Blog/20131204 RPi vs tablet vs laptop

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RPi vs tablet vs laptop

So I've been playing with the Raspberry Pi, doing some data logging of temperature. So why am I doing this with Raspberry Pi? I could have done this with an Arduino, but never did. Or I could have attached a data logger to a laptop (or headless old pc or a nettop), but never did. I could attach a sensor to my Android phone, and do it that way, but did not do that either. So how (in my subjective circumstances) is it different to use the Raspberry Pi?

Stream of consciousness. Go.

One thing that is different, for sure, is the amount of exposure the RPi is getting. Lots of people are talking about it. So that's definitely a contributing factor to get me to try it out. There seem to be communities springing up in a number of places, and it's gaining popularity. Maybe communities are there for Arduino as well, but I guess I never looked for those. The RPi is partially a Cambridge thing, so it makes sense that I would notice it more.

However, I can think of other reasons. One of them is that the Raspberry Pi is "big" enough, so that you can use it to programme on (in linux, i.e. more powerful than an Arduino), but still "small" enough so that it can be battery powered easily, and isn't too expensive (unlike a laptop/netbook/nettop). Also, while the OS installation has given me trouble in the past, it's relatively straight forward (and fast) to set up an SD card, rather than waiting for a long time to install a full linux OS install say from CD. That makes the RPi very versatile: From headless mini-server, to mobile platform. So you can start at one end, and work your way to the other.

So what else? I imagine it's super easy to attach sensors to Arduino, and certainly it's possibel to get USB sensors for laptops. However, in both scenarios a laptop (or computer) is needed: In the first case for programming the arduino, in the second case to record measurements. The RPi, with a temperature probe attached via the GPIO, it's really straight forward: No additional devices needed, neither for measurement nor for programming. And the temperature is available from the RPi over the network (or internet) at any time.

Another option would be to use an old phone (Android) with some sensors. But that's not very common, and the OS isn't as straigth forward as starting off with a linux command line on the RPi. Moreover, I am not sure what sensor packs exist for Android devices, and certainly Android devices (say for sensor experiements) is not amazing value for money.

Let's think this for a moment, i.e. tablets (but equally netbooks or laptops) vs. Raspberry Pi. The RPi has got very different applications from a laptop/tablet, such as building experimental robots, or building experimental data logging devices. Now - it's possible to do this on laptops/tablets as well, but the power consumption on a Pi is very low, and it's a full linux environment, with GPIOs etc available out of the box on the hardware side. There's also starting to be a huge user community.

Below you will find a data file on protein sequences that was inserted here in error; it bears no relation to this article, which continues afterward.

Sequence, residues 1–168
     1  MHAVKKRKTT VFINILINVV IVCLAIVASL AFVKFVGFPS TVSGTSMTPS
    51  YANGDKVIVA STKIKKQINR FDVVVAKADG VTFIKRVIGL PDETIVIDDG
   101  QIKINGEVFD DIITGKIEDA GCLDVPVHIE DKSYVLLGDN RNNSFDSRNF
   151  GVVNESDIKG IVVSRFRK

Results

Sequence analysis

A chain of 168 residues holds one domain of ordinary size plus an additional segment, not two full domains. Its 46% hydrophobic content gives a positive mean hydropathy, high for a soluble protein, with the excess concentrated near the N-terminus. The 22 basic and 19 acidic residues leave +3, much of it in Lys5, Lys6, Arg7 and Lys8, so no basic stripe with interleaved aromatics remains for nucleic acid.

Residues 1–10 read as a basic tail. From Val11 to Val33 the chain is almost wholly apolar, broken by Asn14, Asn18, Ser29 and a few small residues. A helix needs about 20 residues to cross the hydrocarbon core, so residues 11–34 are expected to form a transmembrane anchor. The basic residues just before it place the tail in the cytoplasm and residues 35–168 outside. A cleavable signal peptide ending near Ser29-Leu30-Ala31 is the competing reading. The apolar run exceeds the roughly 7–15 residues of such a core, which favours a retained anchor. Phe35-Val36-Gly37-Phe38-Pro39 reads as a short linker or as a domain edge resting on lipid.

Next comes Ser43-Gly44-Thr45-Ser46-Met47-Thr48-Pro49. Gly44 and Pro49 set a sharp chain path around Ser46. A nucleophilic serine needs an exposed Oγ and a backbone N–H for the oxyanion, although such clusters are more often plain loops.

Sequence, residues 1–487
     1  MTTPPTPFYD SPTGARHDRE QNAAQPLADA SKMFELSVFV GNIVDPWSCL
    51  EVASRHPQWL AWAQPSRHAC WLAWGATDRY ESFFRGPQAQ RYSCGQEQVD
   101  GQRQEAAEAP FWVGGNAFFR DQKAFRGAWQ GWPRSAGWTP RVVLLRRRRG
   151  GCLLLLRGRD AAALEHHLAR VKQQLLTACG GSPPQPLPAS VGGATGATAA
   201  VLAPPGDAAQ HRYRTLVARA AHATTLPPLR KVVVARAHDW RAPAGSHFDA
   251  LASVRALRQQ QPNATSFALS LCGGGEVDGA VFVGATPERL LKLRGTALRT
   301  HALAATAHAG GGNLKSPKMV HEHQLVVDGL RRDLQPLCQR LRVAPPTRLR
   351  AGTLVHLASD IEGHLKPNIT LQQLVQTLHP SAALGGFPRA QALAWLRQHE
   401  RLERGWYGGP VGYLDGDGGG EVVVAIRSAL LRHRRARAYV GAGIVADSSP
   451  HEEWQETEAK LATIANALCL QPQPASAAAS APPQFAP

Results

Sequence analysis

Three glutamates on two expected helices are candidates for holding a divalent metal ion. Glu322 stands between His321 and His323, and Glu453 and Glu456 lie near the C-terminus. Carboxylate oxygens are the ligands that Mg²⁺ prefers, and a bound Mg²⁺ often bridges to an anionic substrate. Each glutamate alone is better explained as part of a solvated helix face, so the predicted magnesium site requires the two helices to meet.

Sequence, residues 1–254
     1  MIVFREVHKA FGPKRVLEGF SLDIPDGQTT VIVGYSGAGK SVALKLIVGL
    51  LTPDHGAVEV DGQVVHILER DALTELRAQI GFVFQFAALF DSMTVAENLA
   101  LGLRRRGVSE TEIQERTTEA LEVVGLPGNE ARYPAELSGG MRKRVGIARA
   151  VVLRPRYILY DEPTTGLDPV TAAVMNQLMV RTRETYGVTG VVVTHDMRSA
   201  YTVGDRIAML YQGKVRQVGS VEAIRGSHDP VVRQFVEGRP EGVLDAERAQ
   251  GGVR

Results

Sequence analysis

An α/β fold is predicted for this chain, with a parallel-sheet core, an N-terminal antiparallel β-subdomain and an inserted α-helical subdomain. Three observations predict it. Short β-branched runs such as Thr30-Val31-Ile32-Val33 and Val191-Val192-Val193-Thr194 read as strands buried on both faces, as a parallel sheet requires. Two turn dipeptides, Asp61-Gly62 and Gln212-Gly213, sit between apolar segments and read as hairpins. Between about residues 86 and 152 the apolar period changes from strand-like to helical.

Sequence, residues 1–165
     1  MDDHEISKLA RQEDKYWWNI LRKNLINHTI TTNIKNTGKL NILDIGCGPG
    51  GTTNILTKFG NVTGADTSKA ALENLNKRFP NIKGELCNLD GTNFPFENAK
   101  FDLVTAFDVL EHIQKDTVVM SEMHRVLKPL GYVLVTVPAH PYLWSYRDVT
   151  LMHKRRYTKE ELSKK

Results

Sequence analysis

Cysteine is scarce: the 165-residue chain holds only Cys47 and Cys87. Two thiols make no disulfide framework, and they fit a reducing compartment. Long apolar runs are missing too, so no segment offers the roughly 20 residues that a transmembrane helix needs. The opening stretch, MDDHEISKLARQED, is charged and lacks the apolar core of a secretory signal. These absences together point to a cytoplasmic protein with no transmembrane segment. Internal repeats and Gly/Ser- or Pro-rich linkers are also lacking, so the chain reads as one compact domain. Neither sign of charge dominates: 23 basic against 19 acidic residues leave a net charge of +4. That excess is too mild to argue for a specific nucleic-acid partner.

Now you could say that cheap tablets (7"or less), and e.g. USB sensors, are an alternative. Looking at the programming environment: Python is really taking off for educational computing, and maybe you could do that just as well on a tablet, or perhaps with the Ubuntu OS for mobile. But you're really in a more experimental realm there, and there just isn't a big sensor building community around tablets. Also, hopefully the idea with the RPi is that the platform will be relatively stable, rather than having to play catch up with set of Android OS' in quick succession.

Let's compare the price. To make an RPi that is roughly equivalent to a tablet, let's start with this OER4Schools reader blog post. The total cost for a RPi without screen came out at £65, but we'd want to add small screen and a battery, which would take the price up to the cost of a tablet. So as a ready-made system, maybe a tablet would work better? And I do think that for several use cases this is definitely true.

However, the RPi, being a component system, while it requires perhaps more skill, broken bits can be swapped out, which is an advantage over tablets. Often cheap tablets don't have a good upgrade path, as the OS changes very rapidly, and hardware needs to keep up. This may (or may not) be different for the Raspberry Pi, but perhaps the platform will stay as it is for a few years. Also, this is for a like-for-like platform. Of course, we may not need all the components of a RPi system for all use cases, which means that for simpler uses we have an RPi just with some of those functions.

Of course, cheap tablets are going to be important in education, and they now eclipsing other platforms. One issue with Android is that "traditional" educational software (such as GeoGebra and Scratch) is only slowly becoming available.

Overall, I am definitely not saying that either tablets of RPi fit all use cases equally well. So cheap tablets are going to be important, but I think the RPi is going to be important too.

Stream of consciousness over. I may organise this at some point, or maybe you, dear reader, will? For my Raspberry Pi explorations, see RPi.

2013-12-04 | Leave a comment | Back to blog Share on Twitter Share on Facebook